Our Midnight (2020) ☆☆1/2(2.5/4): Their midnight stroll

South Korean independent film “Our Midnight” gives one of the most haunting visual presentations of Seoul I have ever encountered during last several years. Although many of those locations shown in the film are not that familiar to me, they look quite vivid and mesmerizing as beautifully presented on black and white film, and it is a shame that the movie did not engage me that much in terms of story and characters.

The movie opens with the dry depiction of its hero’s miserable status of life. Ji-hoon (Lee Seung-hun) is a young struggling actor living in Seoul, and a series of brief moments show us how things have been quite frustrating for him. Besides being unemployed for a while, he has not been paid yet for his previous part-time job, and his girlfriend, who seems to have tried to support and stand by him for years, announces to him that she is going to leave him because she does not see any future between them.

While naturally quite depressed, Ji-hoon still tries to keep going on. Although he remains unemployed as before, he manages to get his delayed wage from his former employer. When he happens to meet an old school senior of his, this senior, who happens to be working as a public servant, offers a part-time job, and Ji-hoon does not hesitate to grab this offer as having been short of cash.

His job is a pretty simple one. All he has to do is patrolling on one of those big bridges on the Han River during nighttime and preventing anyone from jumping from that bridge, and his first night seems to be pretty uneventful except many cars passing by him – until he happens to notice a young woman alone at the middle of the bridge.

This young woman is Eun-yeong (Park Seo-eun), and we already got a brief glimpse on her recent trouble. She was in a relationship with one of male employees at her workplace, but something quite serious happened between them. She subsequently reported this to the police, but then she found herself becoming a pariah among her colleagues as a consequence, and she certainly feels like being on the edge when she is at the middle of the bridge.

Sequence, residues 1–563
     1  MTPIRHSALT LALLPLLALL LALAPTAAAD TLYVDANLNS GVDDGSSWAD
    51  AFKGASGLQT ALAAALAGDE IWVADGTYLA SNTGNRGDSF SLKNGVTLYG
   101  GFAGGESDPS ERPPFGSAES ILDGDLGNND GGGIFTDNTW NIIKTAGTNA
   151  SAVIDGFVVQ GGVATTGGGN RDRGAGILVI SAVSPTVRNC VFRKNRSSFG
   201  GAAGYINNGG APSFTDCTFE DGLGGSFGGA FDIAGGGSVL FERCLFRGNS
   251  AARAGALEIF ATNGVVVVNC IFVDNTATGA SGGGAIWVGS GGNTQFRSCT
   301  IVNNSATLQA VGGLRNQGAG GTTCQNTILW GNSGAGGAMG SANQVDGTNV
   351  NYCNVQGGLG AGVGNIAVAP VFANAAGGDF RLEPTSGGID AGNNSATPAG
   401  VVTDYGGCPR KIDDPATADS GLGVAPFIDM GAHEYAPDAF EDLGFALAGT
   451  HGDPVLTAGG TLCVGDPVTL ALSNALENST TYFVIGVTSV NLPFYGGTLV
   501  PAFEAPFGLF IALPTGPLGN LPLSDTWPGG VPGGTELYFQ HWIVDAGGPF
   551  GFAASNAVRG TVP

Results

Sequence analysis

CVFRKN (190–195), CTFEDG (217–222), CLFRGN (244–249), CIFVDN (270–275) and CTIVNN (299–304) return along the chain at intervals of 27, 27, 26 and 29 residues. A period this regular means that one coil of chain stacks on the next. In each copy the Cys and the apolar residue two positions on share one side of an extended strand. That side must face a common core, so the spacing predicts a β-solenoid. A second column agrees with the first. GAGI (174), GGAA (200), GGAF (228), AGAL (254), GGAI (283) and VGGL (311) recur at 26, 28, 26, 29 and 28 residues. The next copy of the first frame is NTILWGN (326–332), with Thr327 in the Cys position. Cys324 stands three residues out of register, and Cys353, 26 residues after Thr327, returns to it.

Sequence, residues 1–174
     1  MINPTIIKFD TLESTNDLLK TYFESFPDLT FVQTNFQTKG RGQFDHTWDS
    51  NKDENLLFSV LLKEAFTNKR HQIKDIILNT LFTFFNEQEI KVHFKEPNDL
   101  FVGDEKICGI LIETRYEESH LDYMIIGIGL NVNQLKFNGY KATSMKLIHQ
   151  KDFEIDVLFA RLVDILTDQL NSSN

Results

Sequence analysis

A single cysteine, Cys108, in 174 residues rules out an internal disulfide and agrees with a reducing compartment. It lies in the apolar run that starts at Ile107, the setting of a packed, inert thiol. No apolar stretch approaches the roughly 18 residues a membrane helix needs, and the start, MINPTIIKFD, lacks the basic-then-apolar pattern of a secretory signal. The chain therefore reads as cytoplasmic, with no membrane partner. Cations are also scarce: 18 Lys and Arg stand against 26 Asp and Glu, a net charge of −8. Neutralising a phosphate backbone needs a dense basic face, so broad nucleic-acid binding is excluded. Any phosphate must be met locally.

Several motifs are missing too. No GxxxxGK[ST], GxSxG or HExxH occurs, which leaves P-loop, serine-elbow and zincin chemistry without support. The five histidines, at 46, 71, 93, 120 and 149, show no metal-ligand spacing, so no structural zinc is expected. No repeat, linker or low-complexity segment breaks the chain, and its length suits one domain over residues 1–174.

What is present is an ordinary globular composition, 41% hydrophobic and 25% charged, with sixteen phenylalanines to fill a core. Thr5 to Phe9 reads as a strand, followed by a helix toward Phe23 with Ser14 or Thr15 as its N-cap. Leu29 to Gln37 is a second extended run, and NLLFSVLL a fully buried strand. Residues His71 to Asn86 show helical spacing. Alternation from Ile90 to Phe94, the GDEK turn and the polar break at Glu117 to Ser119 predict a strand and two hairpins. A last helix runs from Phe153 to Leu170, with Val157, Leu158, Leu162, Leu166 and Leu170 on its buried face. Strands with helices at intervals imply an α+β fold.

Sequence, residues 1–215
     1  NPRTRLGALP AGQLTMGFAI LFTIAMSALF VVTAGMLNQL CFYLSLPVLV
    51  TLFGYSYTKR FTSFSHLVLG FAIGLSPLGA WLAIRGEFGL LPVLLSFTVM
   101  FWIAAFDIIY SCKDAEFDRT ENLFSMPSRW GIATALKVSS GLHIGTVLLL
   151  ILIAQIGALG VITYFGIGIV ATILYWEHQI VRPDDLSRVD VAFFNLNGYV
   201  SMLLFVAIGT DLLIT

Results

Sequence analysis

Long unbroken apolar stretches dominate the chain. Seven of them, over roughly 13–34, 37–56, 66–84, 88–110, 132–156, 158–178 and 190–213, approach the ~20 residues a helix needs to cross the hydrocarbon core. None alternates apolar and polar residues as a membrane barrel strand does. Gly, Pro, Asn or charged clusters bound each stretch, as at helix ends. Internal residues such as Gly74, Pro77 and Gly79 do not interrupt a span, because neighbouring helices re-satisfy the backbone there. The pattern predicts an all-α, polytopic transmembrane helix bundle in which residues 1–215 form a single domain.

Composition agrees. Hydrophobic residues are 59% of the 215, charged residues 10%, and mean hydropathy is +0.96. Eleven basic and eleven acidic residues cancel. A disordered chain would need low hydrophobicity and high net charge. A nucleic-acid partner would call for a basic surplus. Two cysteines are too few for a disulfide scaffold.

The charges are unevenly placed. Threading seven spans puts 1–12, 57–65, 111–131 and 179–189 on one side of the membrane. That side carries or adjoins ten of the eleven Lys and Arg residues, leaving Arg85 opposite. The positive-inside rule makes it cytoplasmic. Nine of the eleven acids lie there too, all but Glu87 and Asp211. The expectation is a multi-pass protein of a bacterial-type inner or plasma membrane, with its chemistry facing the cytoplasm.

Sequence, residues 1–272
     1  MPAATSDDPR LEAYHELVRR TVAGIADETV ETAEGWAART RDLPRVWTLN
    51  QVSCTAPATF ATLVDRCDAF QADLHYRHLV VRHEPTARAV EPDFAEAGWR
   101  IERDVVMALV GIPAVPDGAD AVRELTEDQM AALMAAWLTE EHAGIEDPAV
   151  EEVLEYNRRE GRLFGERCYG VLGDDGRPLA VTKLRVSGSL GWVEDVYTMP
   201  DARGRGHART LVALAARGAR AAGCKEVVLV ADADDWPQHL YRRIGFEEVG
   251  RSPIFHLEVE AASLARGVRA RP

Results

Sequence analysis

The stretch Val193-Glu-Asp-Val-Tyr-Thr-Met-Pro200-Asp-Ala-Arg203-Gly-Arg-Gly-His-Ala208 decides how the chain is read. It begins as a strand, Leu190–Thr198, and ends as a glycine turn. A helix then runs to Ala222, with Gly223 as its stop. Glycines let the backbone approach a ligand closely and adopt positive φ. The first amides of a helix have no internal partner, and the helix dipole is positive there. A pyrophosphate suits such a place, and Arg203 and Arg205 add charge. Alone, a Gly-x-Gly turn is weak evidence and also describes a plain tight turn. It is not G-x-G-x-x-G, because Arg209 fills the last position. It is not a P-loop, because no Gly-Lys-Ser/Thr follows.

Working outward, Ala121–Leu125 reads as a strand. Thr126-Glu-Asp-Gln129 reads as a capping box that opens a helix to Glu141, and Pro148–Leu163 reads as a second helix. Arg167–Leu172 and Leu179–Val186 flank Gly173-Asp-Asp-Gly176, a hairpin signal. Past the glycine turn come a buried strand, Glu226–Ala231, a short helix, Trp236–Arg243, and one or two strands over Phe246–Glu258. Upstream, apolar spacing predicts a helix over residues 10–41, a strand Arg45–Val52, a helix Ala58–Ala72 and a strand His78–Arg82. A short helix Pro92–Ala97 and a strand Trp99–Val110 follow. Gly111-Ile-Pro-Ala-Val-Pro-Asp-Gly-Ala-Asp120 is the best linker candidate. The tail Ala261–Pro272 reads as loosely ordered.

When Eun-yeong is suddenly collapsed for no apparent reason, Ji-hoon instantly takes her to a nearby hospital, but then he comes across her again on the bridge not long after that incident. Although they do feel awkward due to that incident, it does not take much time for them to get friendly with each other, and we soon see them spending more time with each other.

After they get to know a bit about each other, Ji-hoon suggests that they should play against each other, and Eun-yeong goes along with that despite her initial reluctance. When there is no one around them at one empty spot, Ji-hoon plays her ex-boyfriend right in front of her. His fairly convincing performance initially daunts her, but Eun-yeong comes to play herself in response, and that helps her a bit on what she should do about her difficult current situation.

Once Eun-yeong becomes more relaxed than before, she and Ji-hoon go around several other different nearby places, and the movie did a good job of presenting these various places with considerable tranquil beauty. As the mood becomes more comfortable between them, Eun-yeong and Ji-hoon open themselves more to each other, and then there comes a little unexpected magical moment while Ji-hoon provides some nice amusement for Eun-yeong around an old movie theater.

Around that point, it is clear to us that the movie tries to emulate Richard Linklater’s Before Trilogy, but the screenplay by director/writer Lim Jung-eun stumbles more than once as bringing a number of unnecessary elements into its supposedly simple and free-flowing narrative. For example, a scene involved with a certain female supporting character whom Ji-hoon tries to help at a local cafe feels like an artificial counterpart to Eun-yeong’s ongoing plight, and many of supporting characters in the story are not developed enough to generate dramatic resonance during a short montage scene around the end of the film.

While gradually feeling dissatisfied with its several glaring flaws during my viewing, I also notice a number of good elements in the movie, and one of them is the solid acting of its small cast. Besides complementing each other well during their several key scenes, Lee Seung-hun and Park Seo-eun are engaging to observe in each own way, and Park is particularly good when her character firmly sticks to a certain important decision of hers despite the considerable pressure upon her. In case of the other cast members in the film, Lim Young-woo, Go Wang-jae, and Han Hae-in are well-cast in their small but crucial supporting roles, and Min Hyo-kyung’s brief but effective acting compensates for the heavy-handed aspects of her single scene.

Although I cannot recommend it because its story and characters feel a bit too thin to me, “Our Midnight” is not a bad piece of work at all, and Lim Jung-eun, who previously made several short films before making her feature film debut here, demonstrates here at least that she is a talented filmmaker who knows how to establish a good mood to engage us. The movie is still not good enough for me, but it does show considerable promise, and I sincerely hope that Lim will soon move onto better things to come.

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